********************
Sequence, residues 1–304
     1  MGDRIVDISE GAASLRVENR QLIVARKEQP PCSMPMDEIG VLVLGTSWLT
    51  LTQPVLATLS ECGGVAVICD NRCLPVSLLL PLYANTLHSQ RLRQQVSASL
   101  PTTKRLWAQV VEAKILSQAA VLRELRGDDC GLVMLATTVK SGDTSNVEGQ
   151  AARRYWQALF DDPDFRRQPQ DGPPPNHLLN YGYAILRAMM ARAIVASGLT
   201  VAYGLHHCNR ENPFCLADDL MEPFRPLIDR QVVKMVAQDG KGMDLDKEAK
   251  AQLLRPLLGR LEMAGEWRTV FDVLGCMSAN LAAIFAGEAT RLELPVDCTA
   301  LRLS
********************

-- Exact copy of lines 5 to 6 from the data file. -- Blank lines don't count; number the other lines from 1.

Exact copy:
   151  AARRYWQALF DDPDFRRQPQ DGPPPNHLLN YGYAILRAMM ARAIVASGLT
   201  VAYGLHHCNR ENPFCLADDL MEPFRPLIDR QVVKMVAQDG KGMDLDKEAK